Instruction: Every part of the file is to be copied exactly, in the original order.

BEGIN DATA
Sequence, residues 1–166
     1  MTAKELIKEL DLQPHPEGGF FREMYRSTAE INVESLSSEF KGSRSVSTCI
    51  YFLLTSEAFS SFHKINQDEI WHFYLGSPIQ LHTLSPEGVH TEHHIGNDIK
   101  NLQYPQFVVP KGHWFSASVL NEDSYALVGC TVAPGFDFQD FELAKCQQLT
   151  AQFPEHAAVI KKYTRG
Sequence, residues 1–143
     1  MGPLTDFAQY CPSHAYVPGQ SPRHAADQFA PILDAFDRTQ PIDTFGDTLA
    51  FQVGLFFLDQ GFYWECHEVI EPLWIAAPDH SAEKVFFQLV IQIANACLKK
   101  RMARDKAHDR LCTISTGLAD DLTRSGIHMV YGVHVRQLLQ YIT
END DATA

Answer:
Sequence, residues 1–166
     1  MTAKELIKEL DLQPHPEGGF FREMYRSTAE INVESLSSEF KGSRSVSTCI
    51  YFLLTSEAFS SFHKINQDEI WHFYLGSPIQ LHTLSPEGVH TEHHIGNDIK
   101  NLQYPQFVVP KGHWFSASVL NEDSYALVGC TVAPGFDFQD FELAKCQQLT
   151  AQFPEHAAVI KKYTRG
Sequence, residues 1–143
     1  MGPLTDFAQY CPSHAYVPGQ SPRHAADQFA PILDAFDRTQ PIDTFGDTLA
    51  FQVGLFFLDQ GFYWECHEVI EPLWIAAPDH SAEKVFFQLV IQIANACLKK
   101  RMARDKAHDR LCTISTGLAD DLTRSGIHMV YGVHVRQLLQ YIT